In our technological, philosophical, intellectual, and global society it is often inferred that we are somehow far wiser and smarter than our forebears. While this may be true to some degree, in many ways such an idea could not be further from the truth. Books on ministry mentoring, marital harmony, and life balancing seem to be more numerous than the sands of the seashore, yet serious problems in these sectors seem to be greater than ever before. Pastors are dropping out of the ministry due to a whole number of dreadful failures, just as many marriages are splintering inside the Church as are without, and balancing life seems like a three-ring circus of cell-phones, video conferencing, and instant messaging.
In all our swirling activity, are we any better off? Are “ministry” marriages coasting along more smoothly? The obvious answer would seem to be, “no.” But, if we have not learned to better manage our family life for the cause of the Gospel here in the twenty-first century, then where is our error?!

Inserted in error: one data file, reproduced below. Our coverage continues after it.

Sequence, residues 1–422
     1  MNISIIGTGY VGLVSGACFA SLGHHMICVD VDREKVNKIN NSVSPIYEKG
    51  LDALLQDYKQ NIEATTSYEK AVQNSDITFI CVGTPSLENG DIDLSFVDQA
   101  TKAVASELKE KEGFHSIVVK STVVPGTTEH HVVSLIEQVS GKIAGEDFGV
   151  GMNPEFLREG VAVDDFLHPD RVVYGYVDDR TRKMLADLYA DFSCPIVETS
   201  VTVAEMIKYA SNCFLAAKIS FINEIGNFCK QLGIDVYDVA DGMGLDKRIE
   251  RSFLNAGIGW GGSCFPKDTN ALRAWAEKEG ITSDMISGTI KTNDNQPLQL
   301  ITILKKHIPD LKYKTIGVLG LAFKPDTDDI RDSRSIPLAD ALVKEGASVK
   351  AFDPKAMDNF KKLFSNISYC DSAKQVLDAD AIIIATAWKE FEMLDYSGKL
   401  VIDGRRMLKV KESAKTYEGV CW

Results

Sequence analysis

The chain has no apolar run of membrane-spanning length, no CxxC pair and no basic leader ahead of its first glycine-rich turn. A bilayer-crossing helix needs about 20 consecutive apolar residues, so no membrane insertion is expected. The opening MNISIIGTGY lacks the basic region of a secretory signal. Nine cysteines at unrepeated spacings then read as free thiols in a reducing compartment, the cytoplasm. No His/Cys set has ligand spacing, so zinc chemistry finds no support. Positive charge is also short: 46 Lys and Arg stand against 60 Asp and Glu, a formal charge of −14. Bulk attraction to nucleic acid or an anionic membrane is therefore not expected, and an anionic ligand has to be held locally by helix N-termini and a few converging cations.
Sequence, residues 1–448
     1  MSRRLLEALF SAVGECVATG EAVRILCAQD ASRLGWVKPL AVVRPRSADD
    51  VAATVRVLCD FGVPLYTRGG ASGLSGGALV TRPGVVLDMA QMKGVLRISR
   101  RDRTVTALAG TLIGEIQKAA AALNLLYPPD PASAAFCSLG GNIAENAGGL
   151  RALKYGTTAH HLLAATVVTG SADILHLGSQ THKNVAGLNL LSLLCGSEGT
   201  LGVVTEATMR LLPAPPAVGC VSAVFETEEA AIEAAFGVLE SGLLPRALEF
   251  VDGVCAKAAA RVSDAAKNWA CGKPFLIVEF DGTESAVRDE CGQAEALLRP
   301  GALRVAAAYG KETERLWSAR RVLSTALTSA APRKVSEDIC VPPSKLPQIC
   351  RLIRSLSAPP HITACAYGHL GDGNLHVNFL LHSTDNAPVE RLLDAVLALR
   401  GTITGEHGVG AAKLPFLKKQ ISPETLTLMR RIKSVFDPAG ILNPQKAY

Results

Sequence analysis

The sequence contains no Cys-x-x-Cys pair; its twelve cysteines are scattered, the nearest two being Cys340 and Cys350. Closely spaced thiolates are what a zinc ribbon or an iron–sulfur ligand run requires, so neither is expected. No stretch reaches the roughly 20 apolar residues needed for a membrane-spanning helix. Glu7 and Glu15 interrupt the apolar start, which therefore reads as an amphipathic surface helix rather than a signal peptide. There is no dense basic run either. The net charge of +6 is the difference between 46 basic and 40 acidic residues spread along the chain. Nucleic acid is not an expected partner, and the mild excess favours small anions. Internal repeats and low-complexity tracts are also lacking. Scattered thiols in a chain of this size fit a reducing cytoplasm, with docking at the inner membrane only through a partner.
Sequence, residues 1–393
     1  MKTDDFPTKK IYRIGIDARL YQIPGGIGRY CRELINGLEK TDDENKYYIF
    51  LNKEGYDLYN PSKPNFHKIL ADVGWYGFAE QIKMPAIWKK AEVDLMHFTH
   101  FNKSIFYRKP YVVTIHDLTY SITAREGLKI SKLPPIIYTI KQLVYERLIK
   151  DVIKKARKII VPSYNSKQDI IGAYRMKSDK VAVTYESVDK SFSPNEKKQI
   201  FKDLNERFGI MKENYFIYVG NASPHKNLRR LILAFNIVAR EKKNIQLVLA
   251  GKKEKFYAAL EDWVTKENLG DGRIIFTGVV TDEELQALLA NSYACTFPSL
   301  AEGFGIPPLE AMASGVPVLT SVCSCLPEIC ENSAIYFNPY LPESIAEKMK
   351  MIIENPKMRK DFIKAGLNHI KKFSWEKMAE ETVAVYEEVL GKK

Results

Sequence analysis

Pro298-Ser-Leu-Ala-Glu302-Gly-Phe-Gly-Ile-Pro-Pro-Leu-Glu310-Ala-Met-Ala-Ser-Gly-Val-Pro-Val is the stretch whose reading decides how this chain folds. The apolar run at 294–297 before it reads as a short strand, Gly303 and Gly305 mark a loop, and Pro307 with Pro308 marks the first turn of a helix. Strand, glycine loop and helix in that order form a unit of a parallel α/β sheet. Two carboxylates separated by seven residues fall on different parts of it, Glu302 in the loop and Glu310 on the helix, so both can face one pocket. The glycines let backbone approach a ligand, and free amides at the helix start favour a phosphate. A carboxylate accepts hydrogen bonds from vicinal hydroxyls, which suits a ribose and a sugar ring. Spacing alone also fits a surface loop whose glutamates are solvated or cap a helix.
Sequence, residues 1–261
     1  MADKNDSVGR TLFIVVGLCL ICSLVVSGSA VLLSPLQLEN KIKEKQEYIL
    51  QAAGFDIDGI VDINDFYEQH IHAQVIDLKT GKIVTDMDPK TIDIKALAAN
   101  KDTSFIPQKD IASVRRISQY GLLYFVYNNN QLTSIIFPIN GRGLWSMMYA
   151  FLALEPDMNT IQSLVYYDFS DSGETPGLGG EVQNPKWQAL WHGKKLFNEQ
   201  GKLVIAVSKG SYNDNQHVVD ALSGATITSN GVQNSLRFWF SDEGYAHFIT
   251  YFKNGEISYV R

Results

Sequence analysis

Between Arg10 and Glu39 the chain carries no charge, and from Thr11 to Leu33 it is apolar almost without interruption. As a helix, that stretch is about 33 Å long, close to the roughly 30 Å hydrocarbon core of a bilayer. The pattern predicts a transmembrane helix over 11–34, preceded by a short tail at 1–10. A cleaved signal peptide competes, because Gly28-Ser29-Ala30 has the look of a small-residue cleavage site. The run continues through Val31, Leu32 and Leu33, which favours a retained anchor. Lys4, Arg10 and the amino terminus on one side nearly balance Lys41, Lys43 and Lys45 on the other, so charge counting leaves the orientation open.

In Doreen Moore’s pithy little book on “Leaving a Legacy in Marriage and Ministry” she does not endeavor to identify problems in current trends, but to help us learn from three prominent, historical marriages. In the thought provoking introduction she first outlines several well known missionaries who are held up as heroes of the faith. She handily argues that although C.T. Studd, William Carey, and David Livingstone all had powerful and wide-spread influence for “the cause of Christ,” all three may be recorded as completely delinquent with their familial responsibilities (pg. 9-11). She discerns that although they had an all-consuming passion for the Good News to be spread, they believed that “the cause of Christ” came before any family needs or desires (pg. 12-13). They did not view marriage itself as a ministry, but quite possibly a hindrance. And, as a result their spiritual legacies were subject to an awful blight of irresponsibility.